Media should re-evaluate ties to ‘anti-Indigenous’ Canadian Taxpayers Federation

Clearly situating the Canadian Taxpayers Federation within the ecosystem of neoliberal advocacy, a recent article analyzed more than 400 documents released by the COTF over 21 years to argue that the organization has pushed “anti-Indigenous political rhetoric and politics.” .

Lead author Kyle Willmott, a professor at Simon Fraser University in British Columbia, and research assistant Alec Skillings have read nearly every blog post, press release, report, or other material posted on the site. CTF website on Indigenous peoples and policies between 1998 and 2019. Many materials were intended for use by mainstream media.

In their article,Anti-Indigenous Policymaking: Settler Colonialism and Neoliberal Policy Advocacy”, published in the November 2021 edition of Canadian Journal of Sociology, they concluded that the CTF showed “demonstrable opposition to the idea the existence of sovereign indigenous nations and a demonstrated hostility to the exercise of autochthony outside the narrow confines of ‘culture’.

Based on their analysis, Willmott and Skillings wrote, “The CTF conveys a resentment that fosters white settler backlash against Indigenous sovereignty, Indigenous forms of governance, and the legal concept of ‘Indian’ itself. »

Based on what the article calls CTF “Chief-bashing” in articles alleging wasteful Indigenous governments, the authors argue that it is reasonable to conclude that “the politics that drive CTF cannot be seen as mere anti-state neoliberal populism,’ but as specifically anti-indigenous.

Additionally, the researchers argued that “CTF has largely resisted changes in language about how to describe Indigenous peoples, only very recently and in extremely limited circumstances using the term ‘Indigenous’.

However, Willmott and Skillings noted, CTF’s interest in Indigenous issues has waxed and waned over the two decades they examined, and its tone has also varied over time, since 2015, relying less about what researchers interpreted as divisive language. Nonetheless, they argued, over time, “CTF’s adversarial political tactics have had an outsized impact on one specific target of its campaigns: Indigenous peoples and nations.”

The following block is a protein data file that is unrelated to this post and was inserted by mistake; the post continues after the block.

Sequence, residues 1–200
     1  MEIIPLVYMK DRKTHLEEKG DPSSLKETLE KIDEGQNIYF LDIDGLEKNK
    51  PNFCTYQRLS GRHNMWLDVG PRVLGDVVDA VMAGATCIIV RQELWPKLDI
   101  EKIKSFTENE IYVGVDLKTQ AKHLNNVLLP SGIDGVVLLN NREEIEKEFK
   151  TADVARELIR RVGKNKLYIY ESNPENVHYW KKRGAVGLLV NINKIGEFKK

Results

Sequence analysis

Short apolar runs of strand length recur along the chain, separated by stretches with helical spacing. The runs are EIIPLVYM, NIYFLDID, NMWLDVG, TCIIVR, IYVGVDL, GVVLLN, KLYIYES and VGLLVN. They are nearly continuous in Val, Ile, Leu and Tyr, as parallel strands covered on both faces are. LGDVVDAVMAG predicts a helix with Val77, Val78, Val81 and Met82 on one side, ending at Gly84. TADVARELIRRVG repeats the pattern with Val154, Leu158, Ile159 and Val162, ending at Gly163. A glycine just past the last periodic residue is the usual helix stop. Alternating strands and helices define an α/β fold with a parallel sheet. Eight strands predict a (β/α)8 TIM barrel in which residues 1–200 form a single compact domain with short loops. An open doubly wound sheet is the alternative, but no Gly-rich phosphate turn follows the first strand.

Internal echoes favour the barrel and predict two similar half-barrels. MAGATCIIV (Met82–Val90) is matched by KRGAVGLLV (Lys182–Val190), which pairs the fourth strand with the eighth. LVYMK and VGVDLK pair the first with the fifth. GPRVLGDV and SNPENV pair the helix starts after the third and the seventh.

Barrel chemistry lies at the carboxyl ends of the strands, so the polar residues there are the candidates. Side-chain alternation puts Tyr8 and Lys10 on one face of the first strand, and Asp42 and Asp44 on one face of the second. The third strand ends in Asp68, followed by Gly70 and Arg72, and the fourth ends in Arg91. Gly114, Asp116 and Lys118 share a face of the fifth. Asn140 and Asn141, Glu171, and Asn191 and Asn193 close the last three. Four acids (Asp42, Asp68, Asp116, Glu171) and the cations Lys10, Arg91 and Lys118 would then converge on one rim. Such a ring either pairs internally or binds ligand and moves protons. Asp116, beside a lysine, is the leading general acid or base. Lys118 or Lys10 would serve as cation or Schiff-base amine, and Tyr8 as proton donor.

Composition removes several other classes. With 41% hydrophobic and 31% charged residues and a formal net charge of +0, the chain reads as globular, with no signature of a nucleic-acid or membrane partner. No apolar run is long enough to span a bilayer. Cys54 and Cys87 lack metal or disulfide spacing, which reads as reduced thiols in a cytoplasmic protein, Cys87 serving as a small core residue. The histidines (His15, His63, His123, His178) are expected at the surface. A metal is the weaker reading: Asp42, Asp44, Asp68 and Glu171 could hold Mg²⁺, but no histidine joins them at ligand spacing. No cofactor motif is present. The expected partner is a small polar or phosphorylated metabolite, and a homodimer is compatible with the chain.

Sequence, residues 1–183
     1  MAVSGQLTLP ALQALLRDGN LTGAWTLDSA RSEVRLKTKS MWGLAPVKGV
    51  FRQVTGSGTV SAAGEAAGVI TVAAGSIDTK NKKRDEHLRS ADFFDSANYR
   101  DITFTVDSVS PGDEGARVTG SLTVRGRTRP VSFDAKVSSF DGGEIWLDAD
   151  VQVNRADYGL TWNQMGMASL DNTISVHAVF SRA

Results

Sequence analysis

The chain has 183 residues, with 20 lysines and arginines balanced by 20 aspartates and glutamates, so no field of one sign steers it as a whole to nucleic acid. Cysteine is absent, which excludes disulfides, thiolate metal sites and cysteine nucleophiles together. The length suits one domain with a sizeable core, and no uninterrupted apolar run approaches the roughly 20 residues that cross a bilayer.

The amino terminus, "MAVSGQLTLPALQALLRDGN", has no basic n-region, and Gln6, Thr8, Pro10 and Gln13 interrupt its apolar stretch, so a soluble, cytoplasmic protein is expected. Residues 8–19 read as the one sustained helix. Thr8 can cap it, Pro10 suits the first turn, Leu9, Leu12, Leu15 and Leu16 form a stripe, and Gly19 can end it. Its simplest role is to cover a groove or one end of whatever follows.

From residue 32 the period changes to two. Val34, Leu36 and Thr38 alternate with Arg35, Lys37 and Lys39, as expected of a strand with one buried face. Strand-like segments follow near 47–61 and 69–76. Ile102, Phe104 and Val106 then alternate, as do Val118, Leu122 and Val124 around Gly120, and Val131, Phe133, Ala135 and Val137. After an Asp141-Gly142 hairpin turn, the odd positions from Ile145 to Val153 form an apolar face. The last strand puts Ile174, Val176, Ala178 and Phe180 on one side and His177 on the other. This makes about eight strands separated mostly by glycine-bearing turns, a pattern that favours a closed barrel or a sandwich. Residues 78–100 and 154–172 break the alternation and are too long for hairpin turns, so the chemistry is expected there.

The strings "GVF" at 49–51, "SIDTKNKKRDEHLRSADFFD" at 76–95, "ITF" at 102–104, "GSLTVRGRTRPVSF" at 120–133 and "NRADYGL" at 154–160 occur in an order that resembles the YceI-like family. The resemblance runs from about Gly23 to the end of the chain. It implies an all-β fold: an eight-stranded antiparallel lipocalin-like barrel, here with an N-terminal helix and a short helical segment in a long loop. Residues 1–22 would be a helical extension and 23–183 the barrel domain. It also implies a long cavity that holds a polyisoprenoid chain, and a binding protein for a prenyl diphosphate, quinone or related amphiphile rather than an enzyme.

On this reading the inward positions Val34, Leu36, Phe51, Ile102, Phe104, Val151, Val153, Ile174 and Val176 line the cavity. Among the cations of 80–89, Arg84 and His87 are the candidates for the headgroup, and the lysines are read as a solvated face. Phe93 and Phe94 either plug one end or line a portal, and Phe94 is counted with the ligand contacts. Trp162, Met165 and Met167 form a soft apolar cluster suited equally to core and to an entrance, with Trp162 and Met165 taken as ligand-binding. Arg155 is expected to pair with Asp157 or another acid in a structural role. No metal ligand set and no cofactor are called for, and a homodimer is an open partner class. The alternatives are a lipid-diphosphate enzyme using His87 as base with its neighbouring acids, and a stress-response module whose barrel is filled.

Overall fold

One might have expected the FCT to challenge the conclusions of the paper. However, it has been well over a week since I emailed COTF President and CEO Scott Hennig and National Director Franco Terrazzano asking for their responses to the article. Neither of them answered.

“Through the archive of texts we collected,” Willmott and Skillings wrote, “the CTF campaigned for assimilation, called for moving reservations, suggested that treaty rights amounted to ‘law based on race” and minimized the impact of residential schools.

For example, a 2001 COTF article published on the organization’s website complained that federal lawsuits stemming from residential school abuses could “cost taxpayers up to $10 billion.”

“Another article from 2006 denied the genocidal intent of the residential school system and defended residential schools, saying in part that “residential schools were a convenient means of educating Indian children for many years. Moreover, education bureaucrats wanted to emulate the best schools of the time in Canada and Britain.

The researchers wrote, “Our content analysis shows variation in approach, themes and tone, but a clear and demonstrated hostility to the Indigenous nation that should undermine [the CTF’s] legitimacy in the civil sphere as a “neutral” group of “concerned taxpayers”.

Yet the organization, they continued, remains “a pervasive force in the Canadian political and media space”, frequently and uncritically “quoted in media ranging from national post at Radio-Canada News as characteristic and representative of the “Canadian taxpayer”.

“Why,” reads the headline on a companion piece by Willmott published Dec. 21 in The conversation and later reprinted by The Tyee, “Do the media still quote them? »

That’s a very good question.